• Chapter VI - John Morgan 341
  • Chapter VII - Something about Some of My Fellow-Slaves 344
  • Chapter VIII - I Make an Attempt to Escape. How It Ended 347
  • Chapter IX - More Tribulation 351
  • Chapter X - I Make Another Attempt to Escape 354
  • Chapter XI - Fortune and Misfortune 357
  • Chapter XII - The Slave-Pen in New Orleans 361
  • Chapter XIII - I Am Once More Sold 364
  • Chapter XIV - How I Got Away from Jepsey James’ 367
  • Chapter XV - How I Came to Be John Brown 370
  • Chapter XVI - I Am Advertised as a Run-Away 374
  • Chapter XVII - I Am Booked to Canada, Express, by the Underground Railroad 377
  • Chapter XVIII - The Cultivation of Cotton, Tobacco, and Rice 382
  • Chapter XIX - A Few Words on the Treatment of Slaves 388
  • Chapter XX - My Reflections 392
  • Chapter XXI - The Underground Railroad 395
  • Declaration 401
  • John Brown’s Testimonials 405
  • John Thompson 413
  • The Life of John Thompson, a Fugitive Slave; Containing His History of 25 Years in Bondage, and His Providential Escape 415
  • Preface 416
  • Chap. I 417
  • Chap. II 419
  • Chap. III 420
  • Chap. IV 423
  • Chap. V 425
  • Chap. VI 427
  • Chap. VII 429
  • Chap. VIII 433
  • Chap. IX 435
  • Chap. X 439
  • Chap. XI 443
  • Chap. XII 446
  • Chap. XIII 450
  • Chap. XIV 454
  • Chap. XV 458
  • Chap. XVI - Voyage to the Indian Ocean 462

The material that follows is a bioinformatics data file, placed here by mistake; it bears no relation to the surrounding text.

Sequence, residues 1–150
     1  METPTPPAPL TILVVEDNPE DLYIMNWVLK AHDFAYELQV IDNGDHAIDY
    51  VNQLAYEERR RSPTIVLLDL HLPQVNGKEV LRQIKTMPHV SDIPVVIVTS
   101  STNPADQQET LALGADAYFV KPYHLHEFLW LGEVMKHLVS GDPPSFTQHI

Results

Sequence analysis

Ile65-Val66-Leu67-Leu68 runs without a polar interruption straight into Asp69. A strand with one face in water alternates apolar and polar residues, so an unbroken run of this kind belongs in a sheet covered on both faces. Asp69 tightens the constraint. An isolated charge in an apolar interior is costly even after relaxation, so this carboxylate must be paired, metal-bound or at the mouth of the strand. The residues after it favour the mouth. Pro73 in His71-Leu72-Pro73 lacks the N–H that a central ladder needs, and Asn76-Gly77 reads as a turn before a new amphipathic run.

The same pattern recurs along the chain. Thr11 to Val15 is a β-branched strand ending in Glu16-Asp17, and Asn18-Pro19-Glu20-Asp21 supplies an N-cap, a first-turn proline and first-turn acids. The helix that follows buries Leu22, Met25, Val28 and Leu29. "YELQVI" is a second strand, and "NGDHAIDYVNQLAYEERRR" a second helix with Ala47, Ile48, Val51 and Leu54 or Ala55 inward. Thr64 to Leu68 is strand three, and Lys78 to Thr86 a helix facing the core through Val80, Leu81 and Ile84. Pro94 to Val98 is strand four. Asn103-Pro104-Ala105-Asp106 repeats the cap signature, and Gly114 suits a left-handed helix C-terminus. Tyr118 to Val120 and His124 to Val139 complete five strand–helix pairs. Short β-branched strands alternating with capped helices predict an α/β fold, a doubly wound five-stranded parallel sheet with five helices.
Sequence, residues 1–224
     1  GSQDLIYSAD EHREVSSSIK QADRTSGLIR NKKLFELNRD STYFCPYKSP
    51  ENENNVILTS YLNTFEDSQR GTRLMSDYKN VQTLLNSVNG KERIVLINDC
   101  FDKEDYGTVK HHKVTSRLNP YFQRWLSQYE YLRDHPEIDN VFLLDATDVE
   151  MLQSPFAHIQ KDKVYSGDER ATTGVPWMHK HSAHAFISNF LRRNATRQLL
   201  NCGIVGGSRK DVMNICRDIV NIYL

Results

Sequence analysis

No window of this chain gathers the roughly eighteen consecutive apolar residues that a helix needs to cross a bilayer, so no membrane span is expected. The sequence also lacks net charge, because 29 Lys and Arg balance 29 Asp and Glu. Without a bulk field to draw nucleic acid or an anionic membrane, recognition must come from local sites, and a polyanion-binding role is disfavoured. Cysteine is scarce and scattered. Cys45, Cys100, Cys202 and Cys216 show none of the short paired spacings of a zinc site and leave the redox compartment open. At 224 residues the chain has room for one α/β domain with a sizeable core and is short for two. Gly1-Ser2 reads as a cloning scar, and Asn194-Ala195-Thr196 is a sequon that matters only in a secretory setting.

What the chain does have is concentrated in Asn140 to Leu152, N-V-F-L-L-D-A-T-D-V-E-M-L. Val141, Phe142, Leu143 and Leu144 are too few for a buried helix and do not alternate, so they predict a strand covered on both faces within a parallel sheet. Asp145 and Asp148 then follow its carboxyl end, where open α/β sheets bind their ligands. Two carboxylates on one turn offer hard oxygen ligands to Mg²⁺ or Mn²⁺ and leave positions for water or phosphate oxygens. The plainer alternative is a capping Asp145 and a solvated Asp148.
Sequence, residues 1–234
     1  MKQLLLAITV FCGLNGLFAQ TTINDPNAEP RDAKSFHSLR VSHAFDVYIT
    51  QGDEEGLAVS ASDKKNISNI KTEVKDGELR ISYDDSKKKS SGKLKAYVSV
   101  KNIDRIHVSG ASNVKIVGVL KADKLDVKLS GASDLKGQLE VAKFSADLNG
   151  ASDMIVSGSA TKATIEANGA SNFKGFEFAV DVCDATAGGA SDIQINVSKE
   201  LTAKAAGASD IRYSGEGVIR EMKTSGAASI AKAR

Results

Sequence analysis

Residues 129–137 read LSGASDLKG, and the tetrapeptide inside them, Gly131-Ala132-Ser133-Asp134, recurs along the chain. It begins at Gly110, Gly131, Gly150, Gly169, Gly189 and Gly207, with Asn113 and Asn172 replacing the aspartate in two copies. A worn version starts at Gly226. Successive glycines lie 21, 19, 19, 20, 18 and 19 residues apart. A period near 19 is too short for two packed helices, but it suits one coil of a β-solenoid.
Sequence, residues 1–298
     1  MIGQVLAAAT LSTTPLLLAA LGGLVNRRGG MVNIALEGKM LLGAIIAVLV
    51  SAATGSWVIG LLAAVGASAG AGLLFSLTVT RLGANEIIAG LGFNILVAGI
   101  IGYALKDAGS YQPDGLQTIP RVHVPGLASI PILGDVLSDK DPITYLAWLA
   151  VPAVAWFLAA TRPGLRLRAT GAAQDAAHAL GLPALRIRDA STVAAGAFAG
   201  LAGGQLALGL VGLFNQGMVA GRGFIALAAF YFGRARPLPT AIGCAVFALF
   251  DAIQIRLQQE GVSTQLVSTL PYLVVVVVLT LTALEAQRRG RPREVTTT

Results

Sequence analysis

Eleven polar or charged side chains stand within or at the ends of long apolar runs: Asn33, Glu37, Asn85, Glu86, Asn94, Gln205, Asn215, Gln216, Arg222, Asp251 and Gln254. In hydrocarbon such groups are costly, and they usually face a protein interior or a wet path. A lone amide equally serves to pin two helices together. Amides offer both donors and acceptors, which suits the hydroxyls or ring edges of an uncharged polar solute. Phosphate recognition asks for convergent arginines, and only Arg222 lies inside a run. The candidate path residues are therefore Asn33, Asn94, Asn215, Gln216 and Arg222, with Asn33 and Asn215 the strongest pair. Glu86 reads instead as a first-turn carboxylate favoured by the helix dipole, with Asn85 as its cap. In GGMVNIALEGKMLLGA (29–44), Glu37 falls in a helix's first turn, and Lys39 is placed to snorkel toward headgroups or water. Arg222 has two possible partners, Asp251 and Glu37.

• Chap. XVII 466
  • Chap. XVIII 471
  • Chap. XIX 474
  • William and Ellen Craft 481
  • Running a Thousand Miles for Freedom 484
  • Preface 486
  • Part I 487
  • Part II 517
  • Harriet Jacobs (Linda Brent) 533
  • Incidents in the Life of a Slave Girl 539
  • Preface by the Author 540
  • Introduction by the Editor 541
  • Contents 542
  • I - Childhood 544
  • II - The New Master and Mistress 546
  • III - The Slaves’ New Year’s Day 550
  • IV - The Slave Who Dared to Feel like a Man 552
  • V - The Trials of Girlhood 559
  • VI - The Jealous Mistress 561
  • VII - The Lover 565
  • VIII - What Slaves Are Taught to Think of the North 570
  • IX - Sketches of Neighboring Slaveholders.49 571
  • X - A Perilous Passage in the Slave Girl’s Life 577
  • XI - The New Tie to Life 580
  • XII - Fear of Insurrection.56 583
  • XIII - The Church and Slavery 587
  • XIV - Another Link to Life 592
  • XV - Continued Persecutions 595
  • XVI - Scenes at the Plantation 599
  • XVII - The Flight 605
  • XVIII - Months of Peril 607
  • XIX - The Children Sold 612
  • XX - New Perils 615
  • XXI - The Loophole of Retreat." 618
  • XXII - Christmas Festivities 620
  • XXIII - Still in Prison 622
  • XXIV - The Candidate for Congress 624
  • XXV - Competition in Cunning 626
  • XXVI - Important Era in My Brother’s Life 630
  • XXVII - New Destination for the Children 632
  • XXVIII - Aunt Nancy 637
  • XXIX - Preparations for Escape 640
  • XXX - Northward Bound 646
  • XXXI - Incidents in Philadelphia 648
  • XXXII - The Meeting of Mother and Daughter 651
  • XXXIII - A Home Found 653
  • XXXIV - The Old Enemy Again 655
  • XXXV - Prejudice against Color 658
  • XXXVI - The Hairbreadth Escape 659